By Sarah Mac Donald - 26 July, 2017
Laudato si’ is “a gift” from Pope Francis which provides a vision and a lens through which to open our eyes to the “tremendous challenges that humankind faces”, an Irish missionary who is involved in the Church’s efforts to combat the destruction of the Amazon rainforest has said.
Addressing the annual National Justice and Peace Network of England and Wales’ conference at the weekend, Fr Peter Hughes, who has lived in Peru for decades, suggested that when writing the encyclical, the Pope had in mind Vatican II and chapter 18 of Matthew’s Gospel, which are focused on discerning the signs of the times with eyes of faith.
“This is our moment in history – we don’t belong to the past; we won’t be here in the future; we are connected to the past and connected with the future – but this is our time,” Fr Hughes said.
He said Pope Francis’ spirituality in Laudato si’ goes beyond the specific Judeo-Christian tradition, as the document is addressed to the whole human family – believers and non-believers and people of different faith traditions.
“He speaks very much to the ancient traditions and civilisations which all share a beautiful perspective and wisdom about life which Francis repeats time and time again. The great motif of the encyclical is ‘all things are connected’”.
The Co. Mayo-born priest told up to 260 justice and peace activists that Laudato si’ is a “call to action” and not about mere reflection or the teaching of an authoritative voice of a church leader.
He paid tribute to Pope Francis’ publication of the encyclical in May, ahead of the Paris Climate Agreement in December 2016.
“This is leadership; this is a church leader speaking before the agreement happened.”
Referring to Oxfam International’s report presented at Doha at the start of the year which revealed that 50 per cent of what is produced in the world is now in the hands of eight individuals, he said this was “frightening”.
The world is living in a culture of bankruptcy that is moral, ethical, spiritual, political and cultural, he warned.
One of Pope Francis’ great statements was his description of the economy as it currently operates as “a killer” which destroys creation and leaves people feeling that they have no place; that they are surplus or refuse that can be discarded.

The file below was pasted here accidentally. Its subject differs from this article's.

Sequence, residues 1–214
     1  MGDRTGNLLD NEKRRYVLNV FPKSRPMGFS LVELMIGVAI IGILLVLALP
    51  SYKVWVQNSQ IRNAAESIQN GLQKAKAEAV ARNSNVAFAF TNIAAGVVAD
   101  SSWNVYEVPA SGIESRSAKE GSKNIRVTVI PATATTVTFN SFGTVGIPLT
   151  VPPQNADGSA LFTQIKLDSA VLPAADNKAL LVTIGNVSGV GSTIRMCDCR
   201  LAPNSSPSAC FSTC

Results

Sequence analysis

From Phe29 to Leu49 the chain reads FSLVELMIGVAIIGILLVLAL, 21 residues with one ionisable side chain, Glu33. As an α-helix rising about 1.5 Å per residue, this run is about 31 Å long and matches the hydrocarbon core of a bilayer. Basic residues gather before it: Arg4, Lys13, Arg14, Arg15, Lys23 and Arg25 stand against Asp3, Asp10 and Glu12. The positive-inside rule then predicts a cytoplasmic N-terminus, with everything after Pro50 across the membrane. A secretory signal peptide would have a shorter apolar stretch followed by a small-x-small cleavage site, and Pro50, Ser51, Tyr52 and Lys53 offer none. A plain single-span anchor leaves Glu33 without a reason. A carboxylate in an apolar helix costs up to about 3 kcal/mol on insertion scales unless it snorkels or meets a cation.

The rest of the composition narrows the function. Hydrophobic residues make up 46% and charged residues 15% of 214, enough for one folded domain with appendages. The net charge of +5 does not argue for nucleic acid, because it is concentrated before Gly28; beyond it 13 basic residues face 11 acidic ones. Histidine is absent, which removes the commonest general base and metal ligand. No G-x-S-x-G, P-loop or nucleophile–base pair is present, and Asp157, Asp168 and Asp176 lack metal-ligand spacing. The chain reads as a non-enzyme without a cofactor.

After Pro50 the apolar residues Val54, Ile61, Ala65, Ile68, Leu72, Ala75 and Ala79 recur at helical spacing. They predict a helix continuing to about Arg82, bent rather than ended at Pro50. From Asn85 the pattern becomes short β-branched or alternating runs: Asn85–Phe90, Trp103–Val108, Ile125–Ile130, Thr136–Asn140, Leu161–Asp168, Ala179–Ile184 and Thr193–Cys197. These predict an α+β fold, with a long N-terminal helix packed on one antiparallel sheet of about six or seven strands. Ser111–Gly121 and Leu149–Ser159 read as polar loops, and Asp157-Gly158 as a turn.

In this throwaway culture, “consumerism has been brought to the point of madness”.
He said Pope Francis’ visit to the Amazon next January was a gesture of solidarity with the rainforest’s indigenous peoples who are struggling with illegal mining, child labour and human trafficking.
Outlining the work done by REPAM, Red Eclesial PanAmazonica, a church-sponsored initiative of which he is a board member, he said it aimed to “humanise the operations of extractive industries” by forcing companies to respect legislation and the rights of indigenous peoples.
The Church launched REPAM two years ago in the Amazon because “we are absolutely committed to making a small but significant contribution to stopping the destruction and the degradation that is going on,” Fr Hughes stated.
REPAM, he explained, had accompanied 13 indigenous leaders from the Amazon to Washington in March this year to participate in a public audience at the Inter-American Commission for Human Rights, Washington DC and to meet members of Congress and the US bishops.
The indigenous leaders were able to explain how their lives have been affected by “the onslaught of the extractive industries [and] the destruction of their lands” and how they had been “reduced to oblivion in a very short time.”
Other speakers at the NJPN conference included Ruth Valerio of Tearfund, whose talk focused on the need for “inner ecological conversion” and Kathy Galloway, a former leader of both the Iona Community and Christian Aid Scotland, who compared her reaction to reading Laudato si’ to reading a poem by Walt Whitman.
She lamented that the poorest suffer most from environmental destruction when they have “drained resources the least, waste nothing, and don’t fly around the world”.
The Presbyterian laywoman urged delegates to live more sustainably and avoid “privatised religion” which does not engage with the struggles of the most marginalised.
Referring to Britain as one of the richest countries in the world, she also noted that it was one of the most unequal, with women bearing the brunt of austerity.
The author of Revaluing the Common Joys said Pope Francis’ encyclical was a “generous piece of writing” which drew together a global conversation in which all needed to take part.
Conference delegates also saw a performance of ‘Romero – the Heartbeat of El Salvador’ by Rise Theatre Company as Archbishop Oscar Romero was adopted as NJPN’s patron during the conference Mass.